A number of companies are rolling out medical-grade technologies for the home this year at CES. From the iSyncWave headset, which detects early signs of neurological disorders, to Toto’s Wellness Toilet, which turns a bathroom break into a daily check-up, companies have identified the growing need for remote healthcare and are investing in technology that allows consumers to take charge of their own health.

Philips presented its portfolio of remote health technologies, including the Patient Monitoring Kit designed for critical care patients, the BX100 Wearable Biosensor that monitors chronic conditions and the debut of the Sonicare 9900 Prestige AI toothbrush for everyday oral hygiene upkeep.

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Philips BX100 Wearable Biosensor
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Philips Sonicare 9900 Prestige

Noting that health is at the forefront of consumer’s minds and that the pandemic has shifted major activities to the home, Deeptha Khanna, chief business leader of personal health at Philips, foresees a permanent shift to home technology that aids people in self-navigating a spectrum of health issues outside of hospitals. “We have witnessed the reinvention of our homes as a core element of the healthcare pathway with telehealth, virtual and remote care technologies as the key drivers for change during COVID-19,” Khanna says. “And these changes are here to stay.”

Omron Healthcare introduced its first clinical home-kit, VitalSight, which allows patients to monitor their blood pressure remotely and automatically shares results with physicians for instant updates. And HealthyU by HD Medical is a home device that monitors seven different health metrics including blood pressure, lung sounds and respiratory rate.

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HealthyU by HD Medical
Vital Sight Kit
VitalSight by Omron Healthcare

It’s not just vital monitoring—downtime is also getting a health upgrade at CES this year. Tatch wants to help people sleep smarter with its sensor patches, which measure sleeping patterns including movement, oxygen level and restfulness, and then connect the user with virtual sleep specialists to offer personalized feedback and recommendations. The New York-based startup raised $4.25 million in June 2020 to develop the smart patch, which is not available yet for commercial purchase.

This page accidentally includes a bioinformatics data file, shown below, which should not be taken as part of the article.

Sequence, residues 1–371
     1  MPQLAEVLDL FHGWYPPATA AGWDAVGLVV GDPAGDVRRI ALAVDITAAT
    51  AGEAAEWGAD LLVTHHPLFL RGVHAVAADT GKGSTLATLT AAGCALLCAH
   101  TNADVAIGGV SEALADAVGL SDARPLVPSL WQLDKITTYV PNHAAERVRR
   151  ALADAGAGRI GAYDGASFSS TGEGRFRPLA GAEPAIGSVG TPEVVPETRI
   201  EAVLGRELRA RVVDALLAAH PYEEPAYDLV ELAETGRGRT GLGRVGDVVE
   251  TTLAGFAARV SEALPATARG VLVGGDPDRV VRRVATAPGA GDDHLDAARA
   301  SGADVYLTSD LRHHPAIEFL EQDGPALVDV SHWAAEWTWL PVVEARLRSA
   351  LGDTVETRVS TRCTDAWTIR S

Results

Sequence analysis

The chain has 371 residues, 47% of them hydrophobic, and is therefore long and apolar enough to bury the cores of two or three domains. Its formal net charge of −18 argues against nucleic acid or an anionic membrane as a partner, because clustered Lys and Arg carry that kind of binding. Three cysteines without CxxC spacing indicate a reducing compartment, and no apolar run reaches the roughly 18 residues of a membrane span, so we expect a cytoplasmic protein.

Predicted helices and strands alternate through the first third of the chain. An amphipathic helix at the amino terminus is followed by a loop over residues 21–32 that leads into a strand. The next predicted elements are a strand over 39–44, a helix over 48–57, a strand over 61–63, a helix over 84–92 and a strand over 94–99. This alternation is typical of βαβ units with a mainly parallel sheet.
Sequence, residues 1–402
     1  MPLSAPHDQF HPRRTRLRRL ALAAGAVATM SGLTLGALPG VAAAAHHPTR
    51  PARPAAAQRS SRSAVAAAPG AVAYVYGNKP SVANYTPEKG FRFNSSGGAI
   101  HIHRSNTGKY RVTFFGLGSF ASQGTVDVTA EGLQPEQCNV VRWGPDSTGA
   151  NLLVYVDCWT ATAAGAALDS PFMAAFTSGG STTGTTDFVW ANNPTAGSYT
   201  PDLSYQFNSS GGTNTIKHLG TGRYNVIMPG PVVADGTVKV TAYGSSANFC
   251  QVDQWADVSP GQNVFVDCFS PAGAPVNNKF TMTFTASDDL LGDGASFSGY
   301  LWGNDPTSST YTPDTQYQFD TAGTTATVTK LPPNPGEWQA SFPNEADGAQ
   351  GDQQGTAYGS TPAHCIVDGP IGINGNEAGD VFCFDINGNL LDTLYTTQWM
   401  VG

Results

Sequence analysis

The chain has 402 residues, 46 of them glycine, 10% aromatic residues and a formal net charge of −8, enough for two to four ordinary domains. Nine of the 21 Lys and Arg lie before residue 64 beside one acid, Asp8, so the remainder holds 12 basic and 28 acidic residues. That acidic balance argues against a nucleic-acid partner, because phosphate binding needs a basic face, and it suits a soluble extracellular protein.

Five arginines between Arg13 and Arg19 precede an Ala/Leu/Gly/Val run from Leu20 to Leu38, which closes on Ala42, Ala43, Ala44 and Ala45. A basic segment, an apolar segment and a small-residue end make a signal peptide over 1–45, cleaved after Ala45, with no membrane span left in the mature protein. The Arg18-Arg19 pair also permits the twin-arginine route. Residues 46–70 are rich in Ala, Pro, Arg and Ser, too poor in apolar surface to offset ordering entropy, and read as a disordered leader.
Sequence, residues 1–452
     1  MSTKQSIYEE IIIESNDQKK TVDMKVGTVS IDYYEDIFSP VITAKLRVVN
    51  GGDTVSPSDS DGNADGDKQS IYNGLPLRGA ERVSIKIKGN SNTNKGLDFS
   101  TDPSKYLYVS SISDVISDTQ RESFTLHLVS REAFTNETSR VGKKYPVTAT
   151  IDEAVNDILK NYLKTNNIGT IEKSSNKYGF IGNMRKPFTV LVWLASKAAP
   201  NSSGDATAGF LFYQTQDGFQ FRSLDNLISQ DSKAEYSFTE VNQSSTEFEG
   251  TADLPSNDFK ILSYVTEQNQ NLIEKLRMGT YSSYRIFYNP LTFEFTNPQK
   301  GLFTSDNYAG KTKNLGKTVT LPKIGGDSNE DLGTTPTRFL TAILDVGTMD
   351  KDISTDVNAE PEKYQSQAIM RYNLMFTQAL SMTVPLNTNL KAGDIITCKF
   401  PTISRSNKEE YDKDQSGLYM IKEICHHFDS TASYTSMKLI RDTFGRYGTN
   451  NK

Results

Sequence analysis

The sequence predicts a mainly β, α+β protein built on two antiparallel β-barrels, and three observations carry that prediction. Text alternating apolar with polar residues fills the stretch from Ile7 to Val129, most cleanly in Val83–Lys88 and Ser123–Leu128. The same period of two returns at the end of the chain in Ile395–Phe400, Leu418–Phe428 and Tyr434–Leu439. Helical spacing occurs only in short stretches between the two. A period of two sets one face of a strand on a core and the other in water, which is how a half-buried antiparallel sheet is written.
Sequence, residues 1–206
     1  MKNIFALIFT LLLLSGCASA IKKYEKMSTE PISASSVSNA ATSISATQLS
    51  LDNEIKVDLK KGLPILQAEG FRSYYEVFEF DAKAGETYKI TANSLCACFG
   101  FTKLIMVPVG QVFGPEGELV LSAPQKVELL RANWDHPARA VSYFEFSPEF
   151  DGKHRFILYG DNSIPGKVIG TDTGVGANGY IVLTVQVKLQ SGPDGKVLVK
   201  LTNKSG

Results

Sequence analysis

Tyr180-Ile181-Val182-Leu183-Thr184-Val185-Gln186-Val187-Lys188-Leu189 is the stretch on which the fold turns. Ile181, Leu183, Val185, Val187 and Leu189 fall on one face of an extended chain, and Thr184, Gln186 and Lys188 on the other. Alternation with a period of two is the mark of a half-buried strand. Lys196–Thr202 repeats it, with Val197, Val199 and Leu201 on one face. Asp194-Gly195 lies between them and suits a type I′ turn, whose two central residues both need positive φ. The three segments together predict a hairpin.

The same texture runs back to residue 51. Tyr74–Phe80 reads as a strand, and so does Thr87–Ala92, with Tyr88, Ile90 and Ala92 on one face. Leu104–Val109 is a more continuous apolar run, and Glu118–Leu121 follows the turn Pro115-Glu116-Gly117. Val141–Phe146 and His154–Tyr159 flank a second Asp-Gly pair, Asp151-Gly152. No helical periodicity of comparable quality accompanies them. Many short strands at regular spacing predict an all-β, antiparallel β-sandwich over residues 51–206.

Image courtesy of Tatch

Attitudes towards personal health and wellbeing have shifted significantly since the onset of the pandemic. According to a summer 2020 study by GSK Consumer Healthcare and Ipsos, 65% of Europeans are more likely to make everyday decisions based on their health, while 75% consider it important to take health matters into their own hands to relieve pressure on healthcare systems.

In the health space especially, “digital innovation accelerated by COVID is a reality—and it’s no more a nice-to-have, but a must-have feature,” Krishna Cheriath, VP & Head of Digital, Data & Analytics at Zoetis and adjunct faculty at Carnegie Mellon, said in a CES spotlight session titled “Fast-tracking the digital health revolution.” As the evolution continues, expect to see more innovation around health tech for the home.

For more CES 2021 coverage, see Automotive sanctuaries and Entertainment upleveled.

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